Spaeth is looking at 60 living plums within 10 of those species. She is using plant material from living Burbank plum trees to sequence the genomes of Burbank’s plum varieties — and she ultimately hopes to make use of the roughly century-old DNA in Burbank’s fruit prints to confirm these identifications.
Spaeth said her goals are to verify Burbank’s claims about his crosses and to establish a genetic collection of characteristics, based on Burbank’s discoveries, for plant breeders in the future.
“One of the major goals is to just verify his claims,” she said, noting that Burbank’s breeding claims were often disbelieved. “Luther would say that these were the parents of something, but especially with his plum-apricot crosses, people didn’t really believe that he crossbred a plum with an apricot until 50 years after his death, when somebody else was able to reproduce a plum-apricot crop.”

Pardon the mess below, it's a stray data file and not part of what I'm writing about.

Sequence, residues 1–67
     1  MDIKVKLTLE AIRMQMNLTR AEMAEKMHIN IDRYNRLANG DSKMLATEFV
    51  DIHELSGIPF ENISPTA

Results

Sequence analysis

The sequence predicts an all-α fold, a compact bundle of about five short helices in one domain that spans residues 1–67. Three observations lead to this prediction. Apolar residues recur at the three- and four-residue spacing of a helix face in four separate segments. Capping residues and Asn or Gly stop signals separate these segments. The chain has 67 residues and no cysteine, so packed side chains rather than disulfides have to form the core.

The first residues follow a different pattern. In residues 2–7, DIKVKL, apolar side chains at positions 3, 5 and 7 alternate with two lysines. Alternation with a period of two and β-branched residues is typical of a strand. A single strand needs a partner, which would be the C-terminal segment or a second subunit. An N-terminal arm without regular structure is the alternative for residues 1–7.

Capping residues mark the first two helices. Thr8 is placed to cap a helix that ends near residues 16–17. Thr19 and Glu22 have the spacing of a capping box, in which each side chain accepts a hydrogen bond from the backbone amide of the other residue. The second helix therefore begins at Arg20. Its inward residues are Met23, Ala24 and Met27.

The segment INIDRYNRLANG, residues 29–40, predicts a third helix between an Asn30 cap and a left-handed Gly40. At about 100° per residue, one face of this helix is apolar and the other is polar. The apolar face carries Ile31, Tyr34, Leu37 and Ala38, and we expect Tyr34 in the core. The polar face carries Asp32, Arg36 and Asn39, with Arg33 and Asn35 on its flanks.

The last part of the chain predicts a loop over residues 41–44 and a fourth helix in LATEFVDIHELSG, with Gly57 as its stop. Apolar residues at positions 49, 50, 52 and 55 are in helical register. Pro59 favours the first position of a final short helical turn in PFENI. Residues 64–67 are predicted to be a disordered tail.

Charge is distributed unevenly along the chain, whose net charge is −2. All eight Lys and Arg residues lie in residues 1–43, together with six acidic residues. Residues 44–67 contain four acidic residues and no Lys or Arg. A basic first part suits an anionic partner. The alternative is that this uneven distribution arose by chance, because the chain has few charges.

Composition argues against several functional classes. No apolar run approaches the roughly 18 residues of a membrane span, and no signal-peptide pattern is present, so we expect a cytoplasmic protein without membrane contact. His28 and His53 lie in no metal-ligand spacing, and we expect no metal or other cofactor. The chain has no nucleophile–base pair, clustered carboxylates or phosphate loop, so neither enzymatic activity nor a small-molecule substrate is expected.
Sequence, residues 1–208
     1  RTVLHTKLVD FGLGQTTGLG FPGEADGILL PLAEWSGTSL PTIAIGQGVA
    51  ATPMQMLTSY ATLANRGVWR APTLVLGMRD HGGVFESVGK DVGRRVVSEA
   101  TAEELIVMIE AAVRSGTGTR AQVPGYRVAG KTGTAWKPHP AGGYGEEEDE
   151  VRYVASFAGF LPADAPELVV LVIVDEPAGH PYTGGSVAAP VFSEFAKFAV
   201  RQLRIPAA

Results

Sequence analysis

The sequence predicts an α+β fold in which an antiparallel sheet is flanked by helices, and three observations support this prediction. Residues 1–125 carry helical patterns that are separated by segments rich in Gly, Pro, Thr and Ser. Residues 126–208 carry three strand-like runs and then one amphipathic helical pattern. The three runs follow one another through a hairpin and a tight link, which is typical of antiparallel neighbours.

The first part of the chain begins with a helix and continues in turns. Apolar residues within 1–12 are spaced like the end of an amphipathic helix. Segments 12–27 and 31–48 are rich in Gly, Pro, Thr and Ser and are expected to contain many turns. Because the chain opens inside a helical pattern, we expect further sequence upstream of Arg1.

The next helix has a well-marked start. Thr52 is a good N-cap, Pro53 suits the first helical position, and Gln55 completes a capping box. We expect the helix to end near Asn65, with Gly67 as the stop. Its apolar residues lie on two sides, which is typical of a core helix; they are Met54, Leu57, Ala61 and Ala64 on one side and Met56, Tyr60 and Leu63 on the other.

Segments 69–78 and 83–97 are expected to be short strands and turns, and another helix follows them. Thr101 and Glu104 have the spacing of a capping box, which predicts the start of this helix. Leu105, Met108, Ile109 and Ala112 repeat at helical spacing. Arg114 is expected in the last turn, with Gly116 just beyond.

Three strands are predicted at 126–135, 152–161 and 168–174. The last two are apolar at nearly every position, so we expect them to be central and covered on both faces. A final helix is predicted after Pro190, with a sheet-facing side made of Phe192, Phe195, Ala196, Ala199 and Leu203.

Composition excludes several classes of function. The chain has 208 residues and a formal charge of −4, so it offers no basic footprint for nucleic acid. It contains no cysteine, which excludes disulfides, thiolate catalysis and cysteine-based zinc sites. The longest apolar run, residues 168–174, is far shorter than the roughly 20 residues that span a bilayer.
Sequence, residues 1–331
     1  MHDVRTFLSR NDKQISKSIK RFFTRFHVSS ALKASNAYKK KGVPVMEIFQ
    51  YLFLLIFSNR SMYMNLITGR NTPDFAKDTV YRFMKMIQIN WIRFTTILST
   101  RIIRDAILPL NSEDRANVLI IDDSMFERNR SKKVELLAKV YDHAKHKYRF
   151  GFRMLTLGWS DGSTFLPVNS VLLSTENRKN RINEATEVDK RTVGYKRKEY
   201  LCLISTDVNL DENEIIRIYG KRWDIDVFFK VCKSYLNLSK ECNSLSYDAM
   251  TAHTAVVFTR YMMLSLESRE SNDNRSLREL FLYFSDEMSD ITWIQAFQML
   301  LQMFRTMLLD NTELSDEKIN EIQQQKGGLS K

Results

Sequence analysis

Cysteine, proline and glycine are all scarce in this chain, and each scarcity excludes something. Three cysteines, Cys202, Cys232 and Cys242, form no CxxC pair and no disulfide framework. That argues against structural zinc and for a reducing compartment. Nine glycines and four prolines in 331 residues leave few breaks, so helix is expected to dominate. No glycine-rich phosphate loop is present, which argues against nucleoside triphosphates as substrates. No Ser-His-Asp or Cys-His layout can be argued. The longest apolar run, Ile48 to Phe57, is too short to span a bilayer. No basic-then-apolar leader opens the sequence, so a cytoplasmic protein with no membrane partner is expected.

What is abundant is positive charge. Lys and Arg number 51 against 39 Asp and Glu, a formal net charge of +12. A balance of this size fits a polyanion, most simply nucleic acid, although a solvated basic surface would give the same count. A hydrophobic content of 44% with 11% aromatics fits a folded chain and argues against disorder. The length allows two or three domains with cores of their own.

A daring plant breeder
Long before genetic engineering was even dreamt of, Burbank took a swashbuckling approach toward plant breeding — blithely crossing species boundaries to create fertile hybrids, something you’re not supposed to be able to do.
“Luther was unique in that he would frequently cross different species, especially ones that people didn’t think were possible,” Spaeth said. “But if he saw that the flower morphology was similar or they had overlapping bloom periods, or if the fruit looked really similar, then he would deduce that, ‘OK, maybe I can cross these’ and he’d just try it — sometimes repetitively if he really wanted it to work, and sometimes he would get really good results.”
Spaeth said the Santa Rosa plum is probably the prime example of this.
“It’s a cross between a European plum and the Japanese plum. And in creating that hybridized cross, he created a plum that was partially self-fertile, but then also could be used to pollinize both European and Japanese plums. So the Santa Rosa plum became the universal pollinizer”— a role she said it still plays today. “Even if it’s not grown commercially for fresh market, they’ll always have a couple in the orchard just to make sure that they get a good fruit set on everything else.”
“The other thing is it’s really intermediate in bloom time,” she said. “So whenever you’re looking at plant patents for plums, almost all of them will tell you it flowers two weeks before Santa Rosa or two weeks after Santa Rosa. So really it’s kind of like the gold standard.”
A patient investigator